There are several ways to gain tempo, such as exerting control over lanes and securing priority, efficiently clearing the jungle, and establishing strong vision control. For instance, when attempting to secure the dragon, pushing all lanes to the opponent’s turret, maintaining vision control around the dragon, and dominating the river represent optimal tempo in that particular situation, independent of power curves. This leaves opponents with limited counterplay options, forcing them into disadvantaged fights or desperate plays such as attempting to take the Baron. While the opponents may emerge victorious in such endeavors if they possess a significant power advantage, it remains challenging, and even if they succeed, they will lose out on gold and experience from minions under turrets. Macro play essentially revolves around staying ahead of the curve, ensuring that you are consistently ahead of your opponents in terms of time and tempo.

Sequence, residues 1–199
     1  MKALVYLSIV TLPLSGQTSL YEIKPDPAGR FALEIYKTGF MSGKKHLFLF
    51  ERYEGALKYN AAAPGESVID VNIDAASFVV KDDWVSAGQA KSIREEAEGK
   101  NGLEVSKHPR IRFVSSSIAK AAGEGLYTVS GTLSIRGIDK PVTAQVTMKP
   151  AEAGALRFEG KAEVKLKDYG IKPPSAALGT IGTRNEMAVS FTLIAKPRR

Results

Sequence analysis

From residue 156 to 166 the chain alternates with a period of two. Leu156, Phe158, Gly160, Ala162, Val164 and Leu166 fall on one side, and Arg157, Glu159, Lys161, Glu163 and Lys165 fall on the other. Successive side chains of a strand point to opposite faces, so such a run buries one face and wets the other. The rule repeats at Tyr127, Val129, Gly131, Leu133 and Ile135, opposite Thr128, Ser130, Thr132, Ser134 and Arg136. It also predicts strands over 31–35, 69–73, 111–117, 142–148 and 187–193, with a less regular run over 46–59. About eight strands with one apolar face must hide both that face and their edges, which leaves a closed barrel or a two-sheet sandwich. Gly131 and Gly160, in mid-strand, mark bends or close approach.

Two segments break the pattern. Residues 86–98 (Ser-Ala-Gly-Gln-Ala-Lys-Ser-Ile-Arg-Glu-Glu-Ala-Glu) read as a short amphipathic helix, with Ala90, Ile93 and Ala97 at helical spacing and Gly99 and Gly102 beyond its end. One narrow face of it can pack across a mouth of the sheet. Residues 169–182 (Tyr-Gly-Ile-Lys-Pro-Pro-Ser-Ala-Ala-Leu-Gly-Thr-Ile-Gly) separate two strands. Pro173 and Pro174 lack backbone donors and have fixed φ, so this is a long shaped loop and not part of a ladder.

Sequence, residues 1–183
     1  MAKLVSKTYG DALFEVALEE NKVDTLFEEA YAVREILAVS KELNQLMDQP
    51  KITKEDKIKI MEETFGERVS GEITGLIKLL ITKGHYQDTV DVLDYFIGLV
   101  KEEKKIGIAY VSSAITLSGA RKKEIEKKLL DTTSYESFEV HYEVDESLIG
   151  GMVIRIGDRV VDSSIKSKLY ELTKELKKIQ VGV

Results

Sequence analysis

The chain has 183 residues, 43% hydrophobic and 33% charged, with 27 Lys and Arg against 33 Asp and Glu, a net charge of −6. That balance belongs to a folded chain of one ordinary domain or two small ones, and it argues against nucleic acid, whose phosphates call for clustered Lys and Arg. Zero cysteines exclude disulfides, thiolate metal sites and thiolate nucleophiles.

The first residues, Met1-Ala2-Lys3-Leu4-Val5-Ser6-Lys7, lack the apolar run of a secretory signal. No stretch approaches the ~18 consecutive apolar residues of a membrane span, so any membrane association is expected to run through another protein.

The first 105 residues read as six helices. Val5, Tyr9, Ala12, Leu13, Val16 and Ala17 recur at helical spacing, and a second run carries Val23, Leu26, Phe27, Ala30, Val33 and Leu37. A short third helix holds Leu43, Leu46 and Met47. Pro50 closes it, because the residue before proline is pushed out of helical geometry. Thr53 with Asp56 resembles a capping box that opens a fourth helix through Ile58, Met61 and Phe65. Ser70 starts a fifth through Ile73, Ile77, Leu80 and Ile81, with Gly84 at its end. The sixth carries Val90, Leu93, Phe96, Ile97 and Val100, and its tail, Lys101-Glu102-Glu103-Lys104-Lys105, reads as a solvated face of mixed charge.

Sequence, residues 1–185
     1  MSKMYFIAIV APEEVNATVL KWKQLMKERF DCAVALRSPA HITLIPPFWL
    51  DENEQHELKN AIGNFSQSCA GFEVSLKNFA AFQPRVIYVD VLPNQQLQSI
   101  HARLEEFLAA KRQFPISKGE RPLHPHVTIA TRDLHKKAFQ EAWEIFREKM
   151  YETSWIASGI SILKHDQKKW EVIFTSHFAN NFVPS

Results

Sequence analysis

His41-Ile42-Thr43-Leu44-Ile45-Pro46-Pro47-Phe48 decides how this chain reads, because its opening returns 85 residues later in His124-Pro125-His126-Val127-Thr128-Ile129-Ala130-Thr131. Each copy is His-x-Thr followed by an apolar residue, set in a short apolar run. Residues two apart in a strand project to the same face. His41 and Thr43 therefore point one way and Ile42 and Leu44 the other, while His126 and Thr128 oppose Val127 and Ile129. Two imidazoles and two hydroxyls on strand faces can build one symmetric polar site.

Losing tempo occurs when you invest time in activities that do not contribute to your objectives. This includes engaging in pointless fights or setting up incorrect lane assignments. However, if you continue to make the right decisions, you can leverage your tempo advantage to control the match and keep your opponents trailing behind.
Using your tempo advantage involves various strategies such as setting up for objectives, arriving ahead of time, implementing rotations to force opponents to respond, and maintaining control over vision without sacrificing resources.
Tempo begins with controlling the lanes, then expands to encompass the jungle, rivers, and ultimately the objectives. If utilized correctly, tempo becomes a self-sustaining cycle that further enhances your team’s overall advantage.